Iain MacLeod applauds Donald Meek’s new study of McCallum, Orme & Co: a company which long stood in the shadows of west coast shipping history has finally achieved the profile it deserves.
It was in 2006 that Donald Meek, with Nick Robins, treated us to a grand tour of The Kingdom of MacBrayne. Now, he invites us on another journey, From the Clyde to St Kilda, a journey during which he shares with us, in pleasurable and stimulating detail, the history of Martin Orme, John McCallum, their steamers and their long-lasting contributions to island life.
Donald Meek is a gracious guide on this journey: he starts by thanking many who have helped him plot a course and he includes CRSC in those thanks, for giving his work a spur when we invited him to talk to us in February 2019. It is we who should thank him, though, for flooding with light what has previously been a relatively inaccessible corner of steamer history.
Professor Meek’s is not the only voice we hear along the way. He quotes extensively and aptly from the newspapers and literature of the period and enriches the story greatly by incorporating the lively memories of others, recalling the steamers, the personalities and the communities. He describes Iain Hope’s account of a 1952 ‘Hebridean Voyage in a Veteran’ as the ‘crowning chapter’ of the book and few would argue with that judgement of a minutely-observed journey in a still-Victorian Hebrides. What comes across as strongly as anything is the friendly interest taken by the officers and crew in their young and appreciative passenger.
That voyage aboard the 1898 Hebrides was not without the sort of incident – a ‘grounding’ at Uig – which nowadays would attract the immediate attention of the Marine Accident Investigation Branch. The story of these steamers’ voyages in waters that could all too often turn treacherous and inhospitable is littered with strandings and storms and a flexibility with timings that in modern times travellers might well find taxing. Communities and crews alike emerge from numerous episodes characterised by a resilience and a determination to see cargo and passengers through to their destination come what may.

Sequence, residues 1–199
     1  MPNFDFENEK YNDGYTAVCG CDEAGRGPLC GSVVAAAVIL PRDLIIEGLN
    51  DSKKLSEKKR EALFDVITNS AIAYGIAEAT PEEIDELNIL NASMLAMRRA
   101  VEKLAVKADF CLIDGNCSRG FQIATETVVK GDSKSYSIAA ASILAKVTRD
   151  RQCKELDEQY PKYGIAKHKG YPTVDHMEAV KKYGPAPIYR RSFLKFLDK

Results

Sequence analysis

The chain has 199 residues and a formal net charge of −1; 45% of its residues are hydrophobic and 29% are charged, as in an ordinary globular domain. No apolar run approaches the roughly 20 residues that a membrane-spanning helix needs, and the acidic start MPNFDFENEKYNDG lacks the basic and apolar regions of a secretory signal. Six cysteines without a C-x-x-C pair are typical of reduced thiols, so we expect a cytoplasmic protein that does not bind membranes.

The companies carrying the names of Martin Orme and John McCallum evolved in very different ways. Donald Meek untangles the strands with great precision, demonstrating the extent to which each man relied on business partners and connections to develop their services to areas not then served by Hutcheson or, later, MacBrayne. The list of those places is surprisingly long: Colonsay, Coll, Tiree, the north-west of Skye, the Uists, Barra. The author knows, from his own young life in Tiree, how deeply embedded in the culture of those places McCallum and Orme became and remained, and many episodes in the book bring the strength of that relationship into sharp focus.
‘McCallum, Orme’ is a phrase which, though not as recognisable as ‘David MacBrayne’, many will still greet with a degree of recognition. Donald Meek’s account reminds us, though, that despite a lengthy period of co-operation the amalgamation of John McCallum’s and Martin Orme’s companies happened only in 1929, over a quarter of a century after both had died. McCallum, Orme & Co had an independent life of less than 20 years before it was subsumed into David MacBrayne Ltd at the beginning of 1948.
One wonders how often Orme and McCallum came across each other in person and how they got on. The lives they led were certainly very different. Orme – born on 2 January 1824 at Dumbarton – was a town-dweller, a shipping manager, his life-long habitat the Glasgow office: in April 1903 he even died the death of a traveller to and from the city, suffering a heart attack in Paisley Gilmour Street station one Saturday lunchtime, perhaps on his way home after the customary six-and-a-half-day week at his desk.
John McCallum, on the other hand, was a died-in-the-wool seafarer, born at Bellanoch on the banks of the Crinan Canal in 1842. When he took and passed his Master’s ticket exams in August 1865 aged 23 he had been at sea for 11 years or more. As a boy he joined the smack Active, recently arrived in Glasgow from Fife and owned, certainly later, by Andrew McKenzie Ross with whose family McCallum would have a lasting business relationship.
McCallum’s first steamer was Iona of 1855, in which he spent two seasons as an AB before in 1861, aged just 18 or 19, taking command of the schooner James Irving and then the smacks Mermaid and Catherine. So, when in 1874 McCallum took command of Lady Ambrosine, the ship he actually bought the following year, he was already a skipper of some experience – and a skipper he remained until his untimely and apparently rather undignified death in June 1902.
However unlike one another they were, Orme and McCallum between them brought to the fringes of Scotland’s western seaboard an ever-improving service for cargo, largely, and passengers. It is good to see a wealth of evocative pictures of steamers of theirs such as Dunara Castle, Hebridean and Hebrides alongside at piers or lying off settlements where they were such familiar and welcome callers – and there are other steamers aplenty, not so well known but each with its role in the story.